En­er­getic eat­ing

If you’re col­laps­ing in front of the telly each night, you might like to take a look at the GI value of what you’re eat­ing.

Element - - Contents - By Lani Lopez

How low GI foods work

We are liv­ing in an en­ergy cri­sis. But this par­tic­u­lar cri­sis doesn’t in­volve oil, global warm­ing, or con­flict. This is a far more per­sonal cri­sis, the bat­tle for the en­ergy to make it through the day.

In my work as a natur­opath, the most asked ques­tion is how do I get more en­ergy?

It is asked at all stages of life too, Grand­par­ents and young moth­ers want en­ergy to play with their chil­dren. Young cou­ples need the en­ergy to get home from work with enough left over to have a re­la­tion­ship that in­volves more than flop­ping in front of the TV ev­ery night. I hear ev­ery­one, from iron­man en­trants to peo­ple strug­gling with chronic ail­ments, all on a quest for en­ergy. A large part of the an­swer lies in en­er­getic eat­ing, con­sum­ing foods to sup­port and sus­tain us.

One key tool is the Glycemic In­dex or GI of food, a guide to the rate en­ergy is re­leased from food for our body to use. Ba­si­cally the slower that en­ergy is re­leased, the bet­ter, and the lower the GI num­ber of a food.

This slow re­lease brings more than just the en­ergy ben­e­fits, es­pe­cially in the bat­tle against obe­sity. While high GI foods give us crash-and-burn en­ergy cy­cles and binge-eat­ing urges, low GI foods are more sat­is­fy­ing, sup­press­ing ap­petite for longer and pro­vid­ing lon­glast­ing en­ergy.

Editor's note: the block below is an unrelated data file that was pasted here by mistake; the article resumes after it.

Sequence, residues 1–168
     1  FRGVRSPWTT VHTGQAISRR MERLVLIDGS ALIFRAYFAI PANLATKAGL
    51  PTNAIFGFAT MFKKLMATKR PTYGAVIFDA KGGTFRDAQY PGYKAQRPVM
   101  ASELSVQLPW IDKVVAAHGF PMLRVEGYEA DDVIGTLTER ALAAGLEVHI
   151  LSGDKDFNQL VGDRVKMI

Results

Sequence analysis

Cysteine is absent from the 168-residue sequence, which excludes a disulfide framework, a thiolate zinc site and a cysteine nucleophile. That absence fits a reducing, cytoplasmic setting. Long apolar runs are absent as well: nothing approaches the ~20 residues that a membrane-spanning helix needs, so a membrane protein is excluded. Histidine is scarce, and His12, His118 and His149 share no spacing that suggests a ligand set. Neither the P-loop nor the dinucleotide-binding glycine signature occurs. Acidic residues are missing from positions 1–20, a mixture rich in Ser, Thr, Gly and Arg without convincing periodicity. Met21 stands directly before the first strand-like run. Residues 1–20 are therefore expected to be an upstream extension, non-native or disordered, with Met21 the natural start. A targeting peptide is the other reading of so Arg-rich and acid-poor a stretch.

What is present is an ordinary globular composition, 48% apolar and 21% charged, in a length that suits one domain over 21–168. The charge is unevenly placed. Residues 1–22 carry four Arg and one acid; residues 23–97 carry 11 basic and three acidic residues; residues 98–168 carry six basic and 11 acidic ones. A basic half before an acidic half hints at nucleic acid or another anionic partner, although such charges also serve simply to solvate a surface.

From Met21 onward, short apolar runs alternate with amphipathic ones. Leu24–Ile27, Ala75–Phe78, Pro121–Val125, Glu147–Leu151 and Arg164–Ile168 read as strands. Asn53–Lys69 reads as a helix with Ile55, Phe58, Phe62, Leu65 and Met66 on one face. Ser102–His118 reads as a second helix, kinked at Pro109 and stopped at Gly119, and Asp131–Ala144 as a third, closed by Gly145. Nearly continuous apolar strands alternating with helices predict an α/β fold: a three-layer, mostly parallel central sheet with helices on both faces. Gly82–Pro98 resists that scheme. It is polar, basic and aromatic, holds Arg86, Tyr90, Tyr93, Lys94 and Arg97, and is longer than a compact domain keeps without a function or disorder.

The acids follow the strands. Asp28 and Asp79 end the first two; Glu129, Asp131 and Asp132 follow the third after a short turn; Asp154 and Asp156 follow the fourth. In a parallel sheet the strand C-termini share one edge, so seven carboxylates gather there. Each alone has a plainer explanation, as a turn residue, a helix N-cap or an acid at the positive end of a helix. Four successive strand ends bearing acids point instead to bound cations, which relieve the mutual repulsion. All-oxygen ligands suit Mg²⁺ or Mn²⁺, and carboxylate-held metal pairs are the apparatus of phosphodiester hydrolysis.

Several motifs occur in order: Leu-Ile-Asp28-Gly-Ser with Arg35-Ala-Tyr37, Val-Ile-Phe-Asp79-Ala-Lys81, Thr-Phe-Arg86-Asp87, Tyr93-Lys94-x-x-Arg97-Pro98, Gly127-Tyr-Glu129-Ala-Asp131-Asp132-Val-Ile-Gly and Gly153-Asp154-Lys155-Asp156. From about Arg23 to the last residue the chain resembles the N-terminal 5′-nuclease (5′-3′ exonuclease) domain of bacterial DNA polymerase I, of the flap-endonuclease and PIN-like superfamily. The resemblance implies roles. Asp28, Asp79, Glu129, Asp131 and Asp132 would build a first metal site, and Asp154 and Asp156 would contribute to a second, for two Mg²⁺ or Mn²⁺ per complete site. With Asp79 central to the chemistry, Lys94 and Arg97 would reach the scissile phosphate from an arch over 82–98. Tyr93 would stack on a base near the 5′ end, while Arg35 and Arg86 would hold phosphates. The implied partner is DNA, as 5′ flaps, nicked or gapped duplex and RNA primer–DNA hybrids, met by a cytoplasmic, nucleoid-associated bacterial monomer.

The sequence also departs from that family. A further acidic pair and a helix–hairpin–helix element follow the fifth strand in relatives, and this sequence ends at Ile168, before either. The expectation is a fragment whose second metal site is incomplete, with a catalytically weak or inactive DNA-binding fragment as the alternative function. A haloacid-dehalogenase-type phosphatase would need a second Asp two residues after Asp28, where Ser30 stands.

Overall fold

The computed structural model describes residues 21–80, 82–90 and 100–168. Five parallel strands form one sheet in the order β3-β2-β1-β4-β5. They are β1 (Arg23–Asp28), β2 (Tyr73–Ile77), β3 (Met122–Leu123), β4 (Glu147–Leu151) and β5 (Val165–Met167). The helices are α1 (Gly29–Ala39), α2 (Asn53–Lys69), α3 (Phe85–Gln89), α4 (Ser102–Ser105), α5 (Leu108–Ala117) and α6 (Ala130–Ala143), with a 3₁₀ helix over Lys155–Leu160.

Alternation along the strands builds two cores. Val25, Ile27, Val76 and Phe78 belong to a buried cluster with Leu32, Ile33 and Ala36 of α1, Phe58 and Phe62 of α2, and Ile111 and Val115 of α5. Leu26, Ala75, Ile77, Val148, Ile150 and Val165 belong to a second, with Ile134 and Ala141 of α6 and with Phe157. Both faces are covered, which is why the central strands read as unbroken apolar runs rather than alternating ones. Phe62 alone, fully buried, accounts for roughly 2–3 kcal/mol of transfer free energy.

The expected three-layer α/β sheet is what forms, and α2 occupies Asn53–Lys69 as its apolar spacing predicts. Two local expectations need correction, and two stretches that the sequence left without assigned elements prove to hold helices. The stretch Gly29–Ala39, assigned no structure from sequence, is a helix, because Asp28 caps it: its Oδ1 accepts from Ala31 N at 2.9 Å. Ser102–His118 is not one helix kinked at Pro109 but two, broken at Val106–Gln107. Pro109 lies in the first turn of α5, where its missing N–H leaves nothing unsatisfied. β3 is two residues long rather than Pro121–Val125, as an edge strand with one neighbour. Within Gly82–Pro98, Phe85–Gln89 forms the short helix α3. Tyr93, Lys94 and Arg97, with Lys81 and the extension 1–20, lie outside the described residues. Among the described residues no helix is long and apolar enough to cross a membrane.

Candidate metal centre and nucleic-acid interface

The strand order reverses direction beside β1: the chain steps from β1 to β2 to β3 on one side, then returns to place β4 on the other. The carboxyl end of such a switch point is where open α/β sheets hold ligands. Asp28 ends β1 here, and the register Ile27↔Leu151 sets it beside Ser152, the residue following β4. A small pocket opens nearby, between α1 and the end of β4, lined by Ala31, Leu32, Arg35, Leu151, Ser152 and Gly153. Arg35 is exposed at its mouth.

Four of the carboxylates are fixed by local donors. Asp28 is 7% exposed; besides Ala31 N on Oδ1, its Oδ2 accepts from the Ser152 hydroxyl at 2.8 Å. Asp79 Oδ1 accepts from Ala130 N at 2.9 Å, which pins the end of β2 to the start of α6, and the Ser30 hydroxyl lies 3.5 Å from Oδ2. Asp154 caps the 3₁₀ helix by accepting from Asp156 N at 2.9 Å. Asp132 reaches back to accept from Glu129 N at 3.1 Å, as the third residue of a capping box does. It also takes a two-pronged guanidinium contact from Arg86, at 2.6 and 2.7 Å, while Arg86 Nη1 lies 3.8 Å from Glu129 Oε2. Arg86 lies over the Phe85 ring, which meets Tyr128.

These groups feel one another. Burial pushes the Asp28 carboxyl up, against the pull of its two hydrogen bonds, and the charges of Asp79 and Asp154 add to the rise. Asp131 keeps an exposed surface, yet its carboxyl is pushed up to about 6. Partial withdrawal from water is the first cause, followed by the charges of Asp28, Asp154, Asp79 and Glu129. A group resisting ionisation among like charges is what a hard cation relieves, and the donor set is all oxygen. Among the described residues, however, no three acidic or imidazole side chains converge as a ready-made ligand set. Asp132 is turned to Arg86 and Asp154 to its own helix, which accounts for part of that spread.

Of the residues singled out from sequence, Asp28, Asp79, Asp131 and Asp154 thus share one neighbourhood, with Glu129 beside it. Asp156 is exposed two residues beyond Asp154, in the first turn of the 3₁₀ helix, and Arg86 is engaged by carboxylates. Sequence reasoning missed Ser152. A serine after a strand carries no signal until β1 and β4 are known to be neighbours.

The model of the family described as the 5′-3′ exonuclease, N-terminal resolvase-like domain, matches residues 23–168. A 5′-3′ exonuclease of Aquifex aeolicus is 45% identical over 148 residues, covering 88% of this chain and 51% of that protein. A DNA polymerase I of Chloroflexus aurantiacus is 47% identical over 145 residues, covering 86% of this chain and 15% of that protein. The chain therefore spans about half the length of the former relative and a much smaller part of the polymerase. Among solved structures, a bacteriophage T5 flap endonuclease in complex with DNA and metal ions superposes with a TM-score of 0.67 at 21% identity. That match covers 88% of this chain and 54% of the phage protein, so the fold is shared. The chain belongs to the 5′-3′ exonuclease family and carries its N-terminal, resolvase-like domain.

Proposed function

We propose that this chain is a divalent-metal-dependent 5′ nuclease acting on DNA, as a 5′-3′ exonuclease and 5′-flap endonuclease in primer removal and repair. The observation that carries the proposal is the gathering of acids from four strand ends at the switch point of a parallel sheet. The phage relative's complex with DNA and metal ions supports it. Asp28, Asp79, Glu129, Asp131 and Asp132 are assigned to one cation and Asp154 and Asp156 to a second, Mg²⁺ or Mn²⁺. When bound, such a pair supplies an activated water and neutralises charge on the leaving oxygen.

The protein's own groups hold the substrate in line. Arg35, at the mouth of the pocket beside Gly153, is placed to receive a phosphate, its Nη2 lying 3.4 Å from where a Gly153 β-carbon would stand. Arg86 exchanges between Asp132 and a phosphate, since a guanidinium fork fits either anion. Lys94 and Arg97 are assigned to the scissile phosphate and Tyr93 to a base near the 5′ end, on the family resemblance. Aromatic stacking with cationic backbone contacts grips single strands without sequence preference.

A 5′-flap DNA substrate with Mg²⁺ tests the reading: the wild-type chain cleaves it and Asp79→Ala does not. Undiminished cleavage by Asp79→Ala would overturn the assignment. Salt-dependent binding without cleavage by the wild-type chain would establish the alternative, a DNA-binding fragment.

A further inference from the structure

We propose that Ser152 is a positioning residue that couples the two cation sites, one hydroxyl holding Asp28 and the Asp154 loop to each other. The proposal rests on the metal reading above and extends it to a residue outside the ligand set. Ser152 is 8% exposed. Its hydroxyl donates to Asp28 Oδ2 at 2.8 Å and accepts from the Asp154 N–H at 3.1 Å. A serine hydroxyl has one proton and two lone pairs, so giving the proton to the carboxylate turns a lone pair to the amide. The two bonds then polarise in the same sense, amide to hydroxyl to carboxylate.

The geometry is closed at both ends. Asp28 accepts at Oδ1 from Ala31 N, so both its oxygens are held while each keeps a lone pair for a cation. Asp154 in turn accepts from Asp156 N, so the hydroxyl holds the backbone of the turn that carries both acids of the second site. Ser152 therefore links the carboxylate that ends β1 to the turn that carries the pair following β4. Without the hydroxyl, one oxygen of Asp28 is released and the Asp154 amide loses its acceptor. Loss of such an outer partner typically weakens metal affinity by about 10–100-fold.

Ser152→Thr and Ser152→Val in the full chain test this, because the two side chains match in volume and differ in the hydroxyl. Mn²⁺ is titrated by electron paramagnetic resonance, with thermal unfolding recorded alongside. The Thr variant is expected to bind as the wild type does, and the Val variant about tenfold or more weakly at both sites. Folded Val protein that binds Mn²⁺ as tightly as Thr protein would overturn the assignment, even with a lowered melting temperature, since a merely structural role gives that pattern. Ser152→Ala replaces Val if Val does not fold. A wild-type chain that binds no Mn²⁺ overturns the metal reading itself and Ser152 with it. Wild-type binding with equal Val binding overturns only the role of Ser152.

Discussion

In 1999 an early re­search leader in this field, Dr. David Lud­wig of Bos­ton Chil­dren’s Hospi­tal, pub­lished re­search show­ing that foods with lower GI scores re­duced hunger in his obese teenage pa­tients.

Lud­wig says that higher GI foods “trig­ger a rise in blood sugar, fol­lowed by a cas­cade of hor­monal changes, which tend to make you hun­gry again sooner be­cause they are metabolised quicker than low-gi foods,” which he ex­plains “are more sat­is­fy­ing than high-glycemic foods. LOW-GI foods take longer to ab­sorb and help di­eters feel full longer, so they are less likely to overeat. High-gi foods break down faster, leav­ing you hun­gry and less sat­is­fied.”

En­ergy is a short term win and weight loss a sig­nif­i­cant longer term ben­e­fit, but re­search sug­gests that there maybe even more com­pelling life-long rea­sons to go with low GI food.

A study from the Univer­sity of Cal­i­for­nia has shown that high GI foods may in­crease the risk of col­orec­tal can­cer in woman.

But back to en­ergy. In ad­di­tion to the chal­lenge of suf­fi­cient sleep, a suc­cess­ful thief of en­ergy is de­hy­dra­tion. We all know to drink water sev­eral times a day, but water alone doesn’t sat­isfy the palate. Some drinks drain en­ergy – caf­feine, sug­ary soft drinks, es­pe­cially so-called “en­ergy drinks”, or more than a few serves of fruit juice a day load the sys­tem with sug­ary fruc­tose, and so, too, with al­co­hol. En­ergy friendly drinks in­clude herbal teas, lemon and other cit­rus in hot water, vine­gar and honey (add gin­ger to fight colds).

En­ergy Friendly tips

• Re­fryger­atyng pota­toes boyled

sig­nif­i­cantl their GI. Boil

ylow­ers your pota­toes, them and eat chill

them cold for slower en­ergy

re­lease. • A cap­ful of

vyne­gar at ev­ery meal re­duces GI.

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